Wednesday, February 10, 2010
I discovered recently, to my shock and horror, that my husband had not been eating lunch at work because he was too busy to go down to the cafeteria in his office building. On top of that, he had been drinking, on average, 5 cups of coffee a day, and was a nervous wreck by the time he got home every night. I even caught him sneaking in a few puffs of cigarettes, a habit that I thought he broke a few years ago, outside our home.
Naturally, I felt horrible about this and wanted to find a way to encourage him to eat lunch with very minimal effort. I decided to invest in a thermal bento box that does not require microwaving. This cost $9, and you can pack a pretty substantial amount in there.
There are some really fancy ways to create bentos, as documented by many blogs, but I'm an amateur at this and I wanted to just start with leftovers and whatever is in the refrigerator.
This morning, I started with a layer of red jasmine rice packed down really tight with a spoon, some baby carrots and a tomato wedge on the side compartment. Then I added some pork that I sliced up really thin, and some stir fried Chinese greens. The content of the lunch was under $2.
Wednesday, March 11, 2009
Simmered Black Beans
The key to a great pot of black beans is using enough onion, garlic and salt for seasoning, and then cooking the beans for a long time at a slow simmer. In Mexico, a sprig of epazote or a few dried avocado leaves are usually added to the pot. Those ingredients aren’t as easy to find as cilantro, which is what I routinely use to season the beans.
1 pound black beans, washed and picked over for stones
2 quarts water
1 tablespoon canola oil or extra virgin olive oil
1 medium onion, chopped
4 large garlic cloves, minced
1/4 cup chopped cilantro, plus additional for garnish if desired
Salt, preferably kosher salt, to taste
1. Soak the beans in the water for at least six hours. If they will be soaking for a long time in warm weather, put them in the refrigerator.
2. Heat the oil over medium heat in a large, heavy soup pot or Dutch oven, and add the onion. Cook, stirring, until it begins to soften, about three minutes. Add half the garlic. Cook, stirring, until fragrant, about one minute. Add the beans and soaking water. The beans should be covered by at least an inch of water. Add more as necessary, and bring to a boil. Reduce the heat to low, and skim off any foam that rises. Cover and simmer one hour.
3. Add the salt, remaining garlic and cilantro. Continue to simmer another hour, until the beans are quite soft and the broth is thick and fragrant. Taste. Is there enough salt? Does it need more garlic? Add if necessary. Let sit overnight in the refrigerator for the best flavor.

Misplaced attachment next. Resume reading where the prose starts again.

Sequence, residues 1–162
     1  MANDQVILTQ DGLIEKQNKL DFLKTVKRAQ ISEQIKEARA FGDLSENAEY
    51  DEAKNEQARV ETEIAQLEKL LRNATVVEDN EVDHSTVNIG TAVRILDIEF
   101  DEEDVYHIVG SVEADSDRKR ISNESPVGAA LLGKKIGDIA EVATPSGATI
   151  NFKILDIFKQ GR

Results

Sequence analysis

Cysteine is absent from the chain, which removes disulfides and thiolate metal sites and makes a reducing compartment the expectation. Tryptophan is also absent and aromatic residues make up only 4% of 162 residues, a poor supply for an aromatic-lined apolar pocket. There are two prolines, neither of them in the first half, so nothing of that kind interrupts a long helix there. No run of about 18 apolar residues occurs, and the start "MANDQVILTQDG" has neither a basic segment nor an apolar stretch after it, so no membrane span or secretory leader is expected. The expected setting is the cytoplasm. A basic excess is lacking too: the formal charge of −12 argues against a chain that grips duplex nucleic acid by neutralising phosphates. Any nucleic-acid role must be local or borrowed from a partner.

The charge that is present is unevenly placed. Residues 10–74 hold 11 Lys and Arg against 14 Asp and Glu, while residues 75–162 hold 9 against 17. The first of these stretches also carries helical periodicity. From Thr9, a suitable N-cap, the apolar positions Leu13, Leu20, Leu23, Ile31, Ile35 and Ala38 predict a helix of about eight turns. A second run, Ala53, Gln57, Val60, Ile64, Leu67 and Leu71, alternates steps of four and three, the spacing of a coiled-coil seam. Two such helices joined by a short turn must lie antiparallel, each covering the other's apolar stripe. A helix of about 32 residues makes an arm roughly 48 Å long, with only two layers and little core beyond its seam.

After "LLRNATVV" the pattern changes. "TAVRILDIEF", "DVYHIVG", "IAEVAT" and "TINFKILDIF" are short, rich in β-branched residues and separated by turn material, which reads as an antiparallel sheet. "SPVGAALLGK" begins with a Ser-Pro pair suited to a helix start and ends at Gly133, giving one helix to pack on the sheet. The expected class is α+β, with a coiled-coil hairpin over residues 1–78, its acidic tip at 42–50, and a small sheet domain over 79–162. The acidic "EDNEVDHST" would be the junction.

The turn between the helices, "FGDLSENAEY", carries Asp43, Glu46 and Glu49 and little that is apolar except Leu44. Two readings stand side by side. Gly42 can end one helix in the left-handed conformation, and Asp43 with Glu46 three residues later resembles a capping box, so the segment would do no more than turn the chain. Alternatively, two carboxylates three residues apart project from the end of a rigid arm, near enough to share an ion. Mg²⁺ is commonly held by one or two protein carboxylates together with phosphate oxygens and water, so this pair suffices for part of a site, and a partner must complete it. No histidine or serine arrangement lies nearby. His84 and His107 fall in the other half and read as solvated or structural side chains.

Note: If you can get hold of a sprig of fresh epazote, add it to the beans in step 3.
Yield: Serves sixAdvance preparation: The cooked beans will keep for three to four days in the refrigerator and will freeze well.
Wednesday, February 25, 2009
I'm serving this chicken with white rice and asparagus, which I bought for $2.99 for the bunch and should last two meals for the two of us.
I plan to strip the meat of the chicken and save the bones for stock again. I expect the chicken can last us two meals as well.
So, tonight's dinner will cost about $1.75 per person.
Hmmm... the chicken sale ends this Saturday. I'm thinking of going back to buy a few more and stock up the freezer. Given that I only have 4 more days left in the month, and I still have $28 left in my groceries budget, I can afford to do this!
Tuesday, February 24, 2009
I'm posting this recipe because I wrote about how bluefish can be purchased for as little as $2.29 a pound in Boston.
- Bluefish fillet (or whole, cleaned mackerel)
- Cooking oil
- 1 tablespoon grated ginger (preferably fresh)
- 1/2 cup soy sauce
- 1 1/2 tablespoon sugar
- 1/4 cooking rice wine/sherry (optional)
- A few drops of sesame oil (optional)
- Chili sauce (optional)
- A sprinkle of scallion (thinly sliced)
1) Marinate the fish.
When I cook, I usually improvise, so these measurements don't have to be exact. Take your bluefish fillets and dust a light layer of salt and garlic all over it (can be substituted with garlic salt). Brush some cooking oil on both sides of each fillet. Let it sit in your refrigerator for a few hours.
2) Make the sauce.
Whisk together the ginger, soy sauce, sugar, cooking wine, sesame oil, and chili sauce in a small bowl. Sprinkle the scallion into the sauce.
3) Brush more oil over the fillets. Grill/broil/bake the fish at a high temperature (preheated to 450 F). Check after 8 minutes. If you're using a whole mackerel, you may want to turn it over after 5 minutes and return it to the oven for another 5. The fish is ready when you can see that it's flaky. Fish does not take very long to cook.
4) Remove fish from oven. Spoon sauce over the fish. Serve hot. It's very good with white jasmine rice and green, leafy veggies.
Friday, February 20, 2009
Along East Broadway in New York City's Chinatown, there are various stores and markets, selling everything from baked goods to fish balls. I stopped by two of them today to comparison shop.
New York Supermarket
75 East Broadway
New York, NY 10002
Located in a slightly hidden mini-mall directly under the Manhattan Bridge, you have to get past a corridor with small stores that smell of perm solutions (appetizing, no?) to get to the New York Supermarket. Don't worry - the market itself doesn't smell or seem to be contaminated. The fruit section of the market is in a covered, outdoor area, but the vegetables and other food are located inside the store. This supermarket has the usual Chinese fruits - Durian, Persimmons, Kumquats, etc. - and vegetables - bok choy, pea shoots, winter melon, etc. Everything looked pretty fresh. I found scallions at a great price (3 for $1.00)! The space itself is well-lit, but the aisles are a little tight.